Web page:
Horror of Dunblane massacre could be key to Murray’s success, claims sports psychologist

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THE Dunblane massacre may have been key to Andy Murray’s sporting success , according to a leading sports psychologist.

Exercise psychology expert Dr Mustafa Sarkar says adversity-related experiences are “vital” for athletic performance.

Murray was an eight-year-old pupil at Dunblane Primary when Thomas Hamilton murdered 16 children and a teacher.

Murray took cover in a classroom during the attack alongside his brother Jamie.

Dr Sarker mentions this traumatic experience in his article, called: “Adversity may be the key to Andy Murray’s success.”

Dr Sarkar states: “A growing body of scientific evidence suggests that adversity-related experiences are vital in the development of superior sporting performance.

“Interestingly, Murray attended Dunblane Primary School, and was present during the 1996 Dunblane school massacre.

“Murray has been reluctant to talk about it in interviews but in a 2013 BBC documentary Murray said he hoped that his tennis success has helped his home town to recover from that ordeal.”

Dunblane Primary School

Explaining his theory about Murray, Dr Sarkar writes: “In one of our research studies last year, we conducted…interviews with 10 Olympic gold medallists from a variety of sports.

“The findings indicated that the participants encountered a range of sport- and non-sport-related adversities that they considered to be essential for winning their gold medals.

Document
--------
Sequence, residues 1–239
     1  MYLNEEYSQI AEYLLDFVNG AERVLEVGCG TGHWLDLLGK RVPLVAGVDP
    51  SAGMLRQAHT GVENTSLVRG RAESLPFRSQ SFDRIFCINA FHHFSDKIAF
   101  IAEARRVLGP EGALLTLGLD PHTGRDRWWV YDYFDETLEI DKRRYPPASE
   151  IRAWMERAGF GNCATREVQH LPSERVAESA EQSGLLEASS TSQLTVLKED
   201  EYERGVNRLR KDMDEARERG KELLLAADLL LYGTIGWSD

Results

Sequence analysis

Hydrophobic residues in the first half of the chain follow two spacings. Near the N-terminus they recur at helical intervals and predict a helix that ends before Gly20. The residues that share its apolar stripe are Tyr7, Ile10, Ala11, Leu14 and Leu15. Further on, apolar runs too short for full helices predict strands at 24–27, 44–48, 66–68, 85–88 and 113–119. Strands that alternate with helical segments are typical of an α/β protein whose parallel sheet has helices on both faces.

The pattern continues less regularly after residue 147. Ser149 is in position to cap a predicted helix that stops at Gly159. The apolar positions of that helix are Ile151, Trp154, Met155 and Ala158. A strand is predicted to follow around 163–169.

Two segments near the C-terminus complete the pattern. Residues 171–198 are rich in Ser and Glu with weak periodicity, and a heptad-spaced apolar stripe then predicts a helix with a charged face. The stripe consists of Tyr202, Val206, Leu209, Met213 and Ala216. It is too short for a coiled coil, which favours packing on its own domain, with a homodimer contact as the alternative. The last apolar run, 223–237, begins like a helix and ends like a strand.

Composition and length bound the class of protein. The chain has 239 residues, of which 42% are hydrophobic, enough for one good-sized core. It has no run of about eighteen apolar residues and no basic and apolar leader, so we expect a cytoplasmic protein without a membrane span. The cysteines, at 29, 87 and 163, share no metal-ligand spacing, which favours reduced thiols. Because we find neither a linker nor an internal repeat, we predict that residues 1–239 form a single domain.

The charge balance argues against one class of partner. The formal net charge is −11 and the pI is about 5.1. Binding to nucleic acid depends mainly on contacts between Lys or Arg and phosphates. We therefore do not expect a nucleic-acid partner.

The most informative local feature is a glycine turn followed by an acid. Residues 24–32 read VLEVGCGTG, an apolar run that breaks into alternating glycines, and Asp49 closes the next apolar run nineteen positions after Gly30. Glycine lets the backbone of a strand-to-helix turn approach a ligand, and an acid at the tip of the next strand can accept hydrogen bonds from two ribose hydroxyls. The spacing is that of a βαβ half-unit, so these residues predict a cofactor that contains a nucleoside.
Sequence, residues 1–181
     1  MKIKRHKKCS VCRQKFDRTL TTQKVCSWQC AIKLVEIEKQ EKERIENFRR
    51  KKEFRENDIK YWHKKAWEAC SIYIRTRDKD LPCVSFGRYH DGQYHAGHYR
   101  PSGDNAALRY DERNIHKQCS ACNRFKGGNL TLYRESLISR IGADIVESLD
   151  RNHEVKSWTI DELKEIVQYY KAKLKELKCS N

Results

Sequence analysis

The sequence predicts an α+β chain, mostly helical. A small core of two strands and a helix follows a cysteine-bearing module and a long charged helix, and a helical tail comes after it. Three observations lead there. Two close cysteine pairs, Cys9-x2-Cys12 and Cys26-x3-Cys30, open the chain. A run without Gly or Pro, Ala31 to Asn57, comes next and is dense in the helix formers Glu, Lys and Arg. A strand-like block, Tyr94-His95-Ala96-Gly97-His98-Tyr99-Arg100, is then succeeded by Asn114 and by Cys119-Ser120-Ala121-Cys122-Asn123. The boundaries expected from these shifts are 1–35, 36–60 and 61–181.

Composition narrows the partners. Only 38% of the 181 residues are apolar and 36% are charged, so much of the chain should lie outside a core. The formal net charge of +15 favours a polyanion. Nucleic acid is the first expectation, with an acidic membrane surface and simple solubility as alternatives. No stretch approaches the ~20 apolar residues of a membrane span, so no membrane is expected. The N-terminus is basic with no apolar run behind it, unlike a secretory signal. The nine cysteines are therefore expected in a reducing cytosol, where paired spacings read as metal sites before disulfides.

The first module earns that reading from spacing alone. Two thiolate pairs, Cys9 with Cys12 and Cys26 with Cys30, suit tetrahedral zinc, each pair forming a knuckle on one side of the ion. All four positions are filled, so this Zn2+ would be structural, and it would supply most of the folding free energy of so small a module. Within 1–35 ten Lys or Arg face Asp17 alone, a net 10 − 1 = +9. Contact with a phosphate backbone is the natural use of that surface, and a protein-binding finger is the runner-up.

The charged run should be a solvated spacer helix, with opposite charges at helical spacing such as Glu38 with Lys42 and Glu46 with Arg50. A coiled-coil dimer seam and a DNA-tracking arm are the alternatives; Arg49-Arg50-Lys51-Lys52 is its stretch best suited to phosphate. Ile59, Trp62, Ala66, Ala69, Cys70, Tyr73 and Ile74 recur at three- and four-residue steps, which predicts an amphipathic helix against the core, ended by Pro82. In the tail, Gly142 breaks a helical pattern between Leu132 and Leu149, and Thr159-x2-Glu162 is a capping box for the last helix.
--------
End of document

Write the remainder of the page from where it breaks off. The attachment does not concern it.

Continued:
“Some of the gold medallists were exposed to political unrest and terrorism during their athletic careers, and they felt that these negative circumstances were important in igniting their motivation to perform at the highest level.”

Dr Sarfar then quotes one of the Olympic champions included in his study, who said: “Very often I’d be travelling into [name of town] and bombs would be going off as I was actually progressing into the town centre.”

Like Murray, the anonymous gold medallist said he wanted to help his town recover, adding: “I wanted to please, and particularly because we were going through such dreadful times I wanted to bring some good news back.”

Dr Sarfar also suggests that the adversity of sporting setbacks may spur Murray on. He refers specifically to how he won London Olympic gold just weeks after losing the Wimbledon final.

Wimbledon champion Murray has talked little about the events in Dunblane in interviews, and has said that he was too young to properly process the incident.

But in his biography Hitting Back, the 29-year-old said that he and his family knew Hamilton well.

He wrote: “The weirdest thing was that we knew the guy. He had been in my mum’s car. It’s obviously weird to think you had a murderer in your car, sitting next to your mum.

“That is probably another reason why I don’t want to look back at it. It is just so uncomfortable to think that it was someone we knew from the Boys Club.

“We used to go to the club and have fun. Then to find out he’s a murderer was something my brain couldn’t cope with.”

 
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